Topics: More support for women with endometriosis; women in politics; electricity prices
Now to the Federal Government’s announcement this morning of more support for women living with endometriosis. The aim is to help the 10 per cent of Australian women who are diagnosed with the condition in the workplace.
Joining us live from Melbourne is the Health Minister, Greg Hunt. Good morning to you, Minister. You are pumping resources into workplace education. Tell us, what exactly are you doing and how is it going to help these women?
So, endometriosis affects about 700,000 women in Australia. It can be an agonising and chronic condition, and it’s been clothed in silence for too long, so we want to lift that silence both in the workplace and in the practice where women are looking for medical help.
So there are really two big things we’re doing. One is to help employers and then, most importantly, as a result of that, women with those employers, who have endometriosis, to have better understanding in the workplace.
And if they have better understanding, they’re more likely to seek treatment. Too many women have had to suffer in silence for too long.
And secondly to help the doctors and nurses have better training and therefore be able to deliver better diagnosis and treatment.
(inaudible) but speaking of understanding for women in the workplace, how are you supporting the women in your workplace, in your party, who say that they were bullied in the recent leadership vote? What are you personally doing to support them?
Well, for myself, I’ve long been a very strong, strong advocate of women within the Parliament. I’ve supported people such as Sarah Henderson and Mary Wooldridge, we’ve had Nicolle Flint, Georgina Downer, so many others that I’ve been advocates or referees for.
In this case, I know the Prime Minister is looking at it very, very closely and directly, and I think that’s exactly the right thing to do.
And within my broader portfolio we’ve just appointed a new National Mental Health Commission, three quarters female participation, a new Cancer Australia board, 62 per cent female participation. So this is a deep, strong, personal passion of my own.
So, do you think there are enough women in your party in the Parliament?
No. I don’t think we’ll be at the right place until we have parity, that’s 50 per cent, plus or minus 5 per cent in either direction over time because these things will ebb and flow.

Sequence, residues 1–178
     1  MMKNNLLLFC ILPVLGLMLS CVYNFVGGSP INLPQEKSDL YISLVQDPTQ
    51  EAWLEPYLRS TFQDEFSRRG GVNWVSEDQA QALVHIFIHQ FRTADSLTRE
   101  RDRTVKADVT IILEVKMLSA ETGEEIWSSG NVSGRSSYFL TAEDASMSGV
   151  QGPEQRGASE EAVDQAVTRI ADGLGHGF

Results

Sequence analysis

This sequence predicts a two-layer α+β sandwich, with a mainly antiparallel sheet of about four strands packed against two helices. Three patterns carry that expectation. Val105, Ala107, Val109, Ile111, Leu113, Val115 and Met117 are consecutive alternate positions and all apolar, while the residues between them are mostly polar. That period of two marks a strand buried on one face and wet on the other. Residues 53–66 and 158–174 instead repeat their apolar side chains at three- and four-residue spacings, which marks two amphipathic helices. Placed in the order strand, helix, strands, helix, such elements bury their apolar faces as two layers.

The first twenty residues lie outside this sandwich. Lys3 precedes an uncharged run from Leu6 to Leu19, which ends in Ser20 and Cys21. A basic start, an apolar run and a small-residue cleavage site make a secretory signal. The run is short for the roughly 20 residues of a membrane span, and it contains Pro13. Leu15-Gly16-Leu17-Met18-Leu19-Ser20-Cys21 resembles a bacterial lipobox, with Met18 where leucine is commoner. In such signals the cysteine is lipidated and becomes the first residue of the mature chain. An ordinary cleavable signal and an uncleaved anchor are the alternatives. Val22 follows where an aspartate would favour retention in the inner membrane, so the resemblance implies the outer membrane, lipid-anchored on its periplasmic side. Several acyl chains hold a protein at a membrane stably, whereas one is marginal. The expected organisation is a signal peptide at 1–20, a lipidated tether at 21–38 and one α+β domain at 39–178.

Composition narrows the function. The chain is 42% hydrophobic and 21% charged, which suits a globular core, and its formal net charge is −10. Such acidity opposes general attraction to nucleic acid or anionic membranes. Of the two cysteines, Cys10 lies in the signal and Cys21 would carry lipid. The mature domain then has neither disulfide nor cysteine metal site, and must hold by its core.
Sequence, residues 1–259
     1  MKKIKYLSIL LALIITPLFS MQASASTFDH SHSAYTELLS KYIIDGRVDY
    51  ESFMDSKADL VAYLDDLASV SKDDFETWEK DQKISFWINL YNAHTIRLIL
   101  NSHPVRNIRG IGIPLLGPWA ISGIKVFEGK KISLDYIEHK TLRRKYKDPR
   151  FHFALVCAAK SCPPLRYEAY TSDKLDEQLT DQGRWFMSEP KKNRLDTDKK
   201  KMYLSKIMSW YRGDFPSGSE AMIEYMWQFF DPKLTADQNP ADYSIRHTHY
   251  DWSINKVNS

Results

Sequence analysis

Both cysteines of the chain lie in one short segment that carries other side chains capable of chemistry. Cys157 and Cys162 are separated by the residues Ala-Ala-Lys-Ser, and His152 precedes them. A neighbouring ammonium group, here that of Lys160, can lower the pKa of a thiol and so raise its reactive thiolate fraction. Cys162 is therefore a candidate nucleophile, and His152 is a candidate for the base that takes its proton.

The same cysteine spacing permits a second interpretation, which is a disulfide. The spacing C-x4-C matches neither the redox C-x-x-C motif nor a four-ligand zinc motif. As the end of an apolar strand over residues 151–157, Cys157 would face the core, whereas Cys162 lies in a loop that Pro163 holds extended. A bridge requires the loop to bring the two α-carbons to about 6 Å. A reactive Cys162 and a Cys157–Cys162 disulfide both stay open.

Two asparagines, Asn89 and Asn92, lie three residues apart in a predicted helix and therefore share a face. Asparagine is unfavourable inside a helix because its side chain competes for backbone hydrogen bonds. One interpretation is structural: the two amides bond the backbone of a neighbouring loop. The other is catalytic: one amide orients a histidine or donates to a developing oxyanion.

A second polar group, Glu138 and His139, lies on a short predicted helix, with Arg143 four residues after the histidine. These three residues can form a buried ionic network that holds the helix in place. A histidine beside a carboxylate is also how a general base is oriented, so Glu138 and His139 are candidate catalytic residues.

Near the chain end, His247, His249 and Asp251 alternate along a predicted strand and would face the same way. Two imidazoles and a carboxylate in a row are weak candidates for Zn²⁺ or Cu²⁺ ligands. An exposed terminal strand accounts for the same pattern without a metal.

But the target, the goal, the objective absolutely has to be to have your best team on the field. In any sport, if half your team is in the dressing room, you’re not at your best.
All right, now, I want to ask you about the National Energy Guarantee, because that’s something the Prime Minister has come out this morning dropping. Is this a case of scraping off the barnacles and appeasing the right wing of the party?
No, it’s a practical approach to a very simple issue and that is: we will do everything we can to lower electricity prices and the Opposition will do everything they can to increase electricity prices.
They’ve got a policy to increase the cost of electricity for Australian families and pensioners and others. We’ve got a policy to decrease it, and as part of that we’re focusing on cost and reliability. We’ll meet our emissions targets but we won’t do it through putting pressure on electricity prices.
All right. There’s plenty of political issues around this morning. I want to ask you now about the row between Home Affairs Minister Peter Dutton and the former Border Force boss Roman Quaedvlieg.
Mr Dutton has said that he was offering support for any mental health issues that Mr Quaedvlieg may have. As the Health Minister, do you think that’s a fair comment for Mr Dutton to be making?
Look, I think what we do is we ensure that there is support for everybody who has worked with the Commonwealth in any circumstance.
I don’t know the gentleman in question, I’ve not met him and I’m not aware of his particular circumstances. I know it’s been a difficult situation for everybody involved.
But should the Minister be raising his mental health issues in a public forum, alleged mental health issues, if he has any.
I wouldn’t interpret it that way, respectfully.
All right, Health Minister Greg Hunt there. Plenty on the agenda in federal politics at the moment. Parliament resumes on Monday and we’ll all be watching with interest how the new Prime Minister handles things. Thank you for your time this morning.